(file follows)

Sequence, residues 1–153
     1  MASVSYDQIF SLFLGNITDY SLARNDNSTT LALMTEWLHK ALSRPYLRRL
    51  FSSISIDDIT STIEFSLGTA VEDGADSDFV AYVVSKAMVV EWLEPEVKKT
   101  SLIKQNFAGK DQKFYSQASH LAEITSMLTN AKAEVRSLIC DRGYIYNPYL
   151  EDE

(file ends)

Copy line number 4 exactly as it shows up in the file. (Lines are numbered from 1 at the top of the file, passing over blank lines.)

   101  SLIKQNFAGK DQKFYSQASH LAEITSMLTN AKAEVRSLIC DRGYIYNPYL